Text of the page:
Married off to a French prince at the age of 14, Catherine de' Medici, came to power through a twist of fate and then used that power to do what her family had always done; seed the future. She invested heavily in the arts, architecture, haute cuisine1, theatre, and the performing arts. Her investments led to the creation of the most French of art forms, the Ballet,
The person who made ballet a fashion trend [..] was the Italian art-lover Catherine de Medici. When she married the French King Henry II, she [..] contributed to the development of the ballet by providing the necessary financial support. In fact, Ballet Comique de la Reine, [..] was organized under the order of Medici, [making] history as the first ballet show.2
Today's historians write that her massive investments bore no lasting fruit, and her patronage had no impact. And yet, despite the best efforts of her political opponents, it is remarkable that so much of what we consider quintessentially French was derived through her largesse; through her willingness to make the eccentric choice. They tore down her buildings and smashed her paintings, but they still couldn’t erase the fruits of her largesse.
Today, this great art of directly supporting great artists, scientists, and individuals is largely carried out by two groups: eccentric philanthropists and ordinary people.3 But no matter who does it, they usually fall into two camps; those who directly support individuals and those who focus on specific themes and projects.
The first group is the most fascinating to me; the ones who directly sponsor artists to create and produce — sometimes offering space to live or show one’s work and make connections with interesting minds who might offer further support and inspiration. You never know what could influence a budding career or shape a new artistic direction.
Such direct support might be the best way to bring together brilliant minds and watch the sparks fly. It is exhilarating and breathtaking to witness greatness take shape.
There is no perfect strategy here — a "best way" — to bring such people together, save for giving them resources and the space to create. In my line of work (venture capital), everyone acts like there is a specific recipe that can be implemented to bake the perfect startup cake — engineer, hustler, usually from such and such institutions. But that's almost never true. Just because someone comes from Harvard and looks like Mark Zuckerberg doesn't mean that they will be Mark Zuckerberg. Greatness exists in just too many forms and flavors.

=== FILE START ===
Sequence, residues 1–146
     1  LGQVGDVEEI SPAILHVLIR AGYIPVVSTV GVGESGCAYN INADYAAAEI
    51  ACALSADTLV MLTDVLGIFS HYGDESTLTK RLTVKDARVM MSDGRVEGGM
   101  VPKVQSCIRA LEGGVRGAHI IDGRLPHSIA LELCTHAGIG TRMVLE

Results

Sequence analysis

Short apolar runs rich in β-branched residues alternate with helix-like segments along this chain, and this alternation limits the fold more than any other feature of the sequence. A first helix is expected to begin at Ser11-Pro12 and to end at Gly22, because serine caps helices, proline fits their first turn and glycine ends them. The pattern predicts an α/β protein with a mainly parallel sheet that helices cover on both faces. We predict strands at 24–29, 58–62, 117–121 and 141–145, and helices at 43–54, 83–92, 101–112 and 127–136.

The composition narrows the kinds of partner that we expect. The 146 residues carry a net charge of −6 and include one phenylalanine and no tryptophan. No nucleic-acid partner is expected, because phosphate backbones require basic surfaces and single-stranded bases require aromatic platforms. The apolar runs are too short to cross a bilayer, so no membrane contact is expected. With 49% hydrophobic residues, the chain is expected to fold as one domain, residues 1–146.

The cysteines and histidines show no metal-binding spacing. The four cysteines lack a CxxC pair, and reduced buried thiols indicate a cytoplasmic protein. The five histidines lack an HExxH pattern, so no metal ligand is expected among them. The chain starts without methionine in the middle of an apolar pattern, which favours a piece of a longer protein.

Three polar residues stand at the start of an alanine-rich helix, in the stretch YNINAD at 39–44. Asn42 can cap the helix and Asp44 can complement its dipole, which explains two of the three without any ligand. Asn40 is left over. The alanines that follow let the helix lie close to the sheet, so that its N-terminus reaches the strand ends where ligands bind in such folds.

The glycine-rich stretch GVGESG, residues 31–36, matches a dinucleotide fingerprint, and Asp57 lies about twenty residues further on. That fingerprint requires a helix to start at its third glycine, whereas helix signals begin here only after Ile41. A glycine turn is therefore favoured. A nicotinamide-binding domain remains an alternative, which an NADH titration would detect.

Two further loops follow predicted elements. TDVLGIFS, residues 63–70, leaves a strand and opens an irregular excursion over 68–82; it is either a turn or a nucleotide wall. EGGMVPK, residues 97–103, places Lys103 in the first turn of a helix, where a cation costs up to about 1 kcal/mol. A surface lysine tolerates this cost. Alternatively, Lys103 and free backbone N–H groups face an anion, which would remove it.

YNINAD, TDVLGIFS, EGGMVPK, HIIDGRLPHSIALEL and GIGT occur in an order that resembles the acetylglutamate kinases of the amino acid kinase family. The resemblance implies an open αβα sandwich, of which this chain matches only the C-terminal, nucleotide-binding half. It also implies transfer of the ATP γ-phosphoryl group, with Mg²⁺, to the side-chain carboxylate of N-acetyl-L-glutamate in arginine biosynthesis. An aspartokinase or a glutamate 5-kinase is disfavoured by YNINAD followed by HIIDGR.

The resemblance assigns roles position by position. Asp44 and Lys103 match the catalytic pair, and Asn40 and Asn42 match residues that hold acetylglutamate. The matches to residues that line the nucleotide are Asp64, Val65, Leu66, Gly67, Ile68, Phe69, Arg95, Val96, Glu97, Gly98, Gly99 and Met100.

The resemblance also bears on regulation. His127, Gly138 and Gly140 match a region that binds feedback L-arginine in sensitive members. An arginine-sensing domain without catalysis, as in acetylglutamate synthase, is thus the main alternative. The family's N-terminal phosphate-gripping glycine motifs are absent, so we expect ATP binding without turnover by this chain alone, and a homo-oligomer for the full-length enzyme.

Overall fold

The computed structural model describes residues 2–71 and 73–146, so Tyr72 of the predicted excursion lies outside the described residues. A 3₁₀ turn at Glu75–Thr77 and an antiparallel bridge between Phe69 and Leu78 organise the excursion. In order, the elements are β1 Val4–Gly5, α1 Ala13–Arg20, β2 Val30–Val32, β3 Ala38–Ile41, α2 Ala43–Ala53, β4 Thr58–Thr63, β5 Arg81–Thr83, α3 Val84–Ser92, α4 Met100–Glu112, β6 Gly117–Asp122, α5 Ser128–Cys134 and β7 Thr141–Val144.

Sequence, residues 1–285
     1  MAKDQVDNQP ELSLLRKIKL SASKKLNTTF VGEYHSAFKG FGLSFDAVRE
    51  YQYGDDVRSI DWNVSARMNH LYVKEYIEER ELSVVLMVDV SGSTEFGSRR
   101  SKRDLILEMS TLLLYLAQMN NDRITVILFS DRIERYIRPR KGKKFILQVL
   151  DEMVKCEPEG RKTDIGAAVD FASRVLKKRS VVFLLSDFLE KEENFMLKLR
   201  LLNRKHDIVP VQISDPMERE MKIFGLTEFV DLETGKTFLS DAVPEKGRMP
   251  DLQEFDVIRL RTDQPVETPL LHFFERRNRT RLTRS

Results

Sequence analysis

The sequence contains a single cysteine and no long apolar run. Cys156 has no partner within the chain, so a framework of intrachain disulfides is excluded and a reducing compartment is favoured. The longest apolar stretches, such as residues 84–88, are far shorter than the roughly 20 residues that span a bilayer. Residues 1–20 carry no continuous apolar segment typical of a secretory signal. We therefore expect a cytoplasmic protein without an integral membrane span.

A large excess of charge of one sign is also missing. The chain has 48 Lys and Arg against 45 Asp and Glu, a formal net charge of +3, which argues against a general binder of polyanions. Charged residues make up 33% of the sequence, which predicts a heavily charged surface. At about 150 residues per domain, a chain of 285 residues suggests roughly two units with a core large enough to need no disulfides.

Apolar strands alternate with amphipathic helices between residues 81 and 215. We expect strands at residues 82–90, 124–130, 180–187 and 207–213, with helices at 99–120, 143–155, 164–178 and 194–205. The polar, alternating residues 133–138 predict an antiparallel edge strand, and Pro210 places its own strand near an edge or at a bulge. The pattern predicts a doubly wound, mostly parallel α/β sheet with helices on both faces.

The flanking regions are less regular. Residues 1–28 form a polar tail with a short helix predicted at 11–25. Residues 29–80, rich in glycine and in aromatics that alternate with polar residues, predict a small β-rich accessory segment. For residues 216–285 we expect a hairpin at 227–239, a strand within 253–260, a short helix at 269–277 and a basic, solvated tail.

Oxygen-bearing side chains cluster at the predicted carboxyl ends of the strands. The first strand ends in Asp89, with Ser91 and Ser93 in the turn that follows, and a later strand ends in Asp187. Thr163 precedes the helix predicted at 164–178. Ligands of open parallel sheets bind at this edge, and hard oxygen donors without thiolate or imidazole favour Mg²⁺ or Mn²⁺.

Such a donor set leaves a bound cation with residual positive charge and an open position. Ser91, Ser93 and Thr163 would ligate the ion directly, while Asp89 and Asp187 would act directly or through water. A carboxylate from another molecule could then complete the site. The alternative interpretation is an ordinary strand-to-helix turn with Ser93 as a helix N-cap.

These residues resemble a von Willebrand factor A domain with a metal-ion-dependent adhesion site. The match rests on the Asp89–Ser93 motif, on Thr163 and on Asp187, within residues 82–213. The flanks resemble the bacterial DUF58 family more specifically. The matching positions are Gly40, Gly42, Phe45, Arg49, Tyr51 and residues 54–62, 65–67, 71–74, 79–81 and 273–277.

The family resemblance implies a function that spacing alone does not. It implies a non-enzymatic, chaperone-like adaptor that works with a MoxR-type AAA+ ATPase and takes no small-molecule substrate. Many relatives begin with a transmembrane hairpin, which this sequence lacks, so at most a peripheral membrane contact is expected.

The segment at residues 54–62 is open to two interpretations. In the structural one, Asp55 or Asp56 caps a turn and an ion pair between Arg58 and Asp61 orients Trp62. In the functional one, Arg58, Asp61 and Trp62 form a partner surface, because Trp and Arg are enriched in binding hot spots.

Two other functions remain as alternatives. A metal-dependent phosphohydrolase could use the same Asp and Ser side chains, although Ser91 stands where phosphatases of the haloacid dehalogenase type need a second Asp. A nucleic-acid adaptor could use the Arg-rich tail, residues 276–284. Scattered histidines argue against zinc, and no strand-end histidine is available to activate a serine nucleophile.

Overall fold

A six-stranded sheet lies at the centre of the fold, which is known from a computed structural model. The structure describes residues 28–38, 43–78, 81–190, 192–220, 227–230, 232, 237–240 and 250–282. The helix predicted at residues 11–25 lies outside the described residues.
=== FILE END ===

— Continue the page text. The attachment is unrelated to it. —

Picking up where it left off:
Scholars have typically defined creativity in two broad domains;
Big-C creativity — Meitner and Frisch's discovery of fission; Huygens' pendulum clock; Mayer's shell model and magic numbers; Maxwell's color photography, equations, and control theory
Little-C creativity — This essay and its thesis, 1517's Twitter feed, and the art you made as a child (and hopefully still do)
Typically, programs claim to aim for the Big-C variety, but they often fall somewhere in between, depending on their outlook and risk appetite.
In my experience, people falter because they refuse to accept that Big-C creativity can come from the most unexpected of sources; especially if they’re young.
In the 1960s & 70s, a housewife with no formal education beyond high school, started fervently following Martin Gardner's Mathematical Games column. In 1975, Martin Gardner wrote a column repeating a mainstream mathematician's claim that they had found all of the possible convex polygons that could be tessellated to fill a plane.
Within a month, a reader (Richard James III) wrote in with a new polygon tiler. Rice saw this success and started working on the problem "on [her] kitchen table when no one was around and hiding them when her husband and children came home, or when friends stopped by." By February 1976, she'd discovered a new pentagon type and developed custom notation. By October, 58 pentagon tilings that could transitively tile a plane. Before the end of 1977, she'd discovered four pentagon tilings and 103 transitive tilings.
No one would have pegged Marjorie Rice as a mathematical genius who would revolutionize the esoteric geometric subfield of Euclidean plane tilings by convex regular polygons. Or, would continue to be of assistance to the field for the rest of her life. And yet she did. The startup equivalent of this would be someone like Vitalik Buterin, a no-name 20-something with a white paper who goes against mainstream consensus to create the next great leap ahead. Most dismissed Buterin at the start. They don’t do so anymore.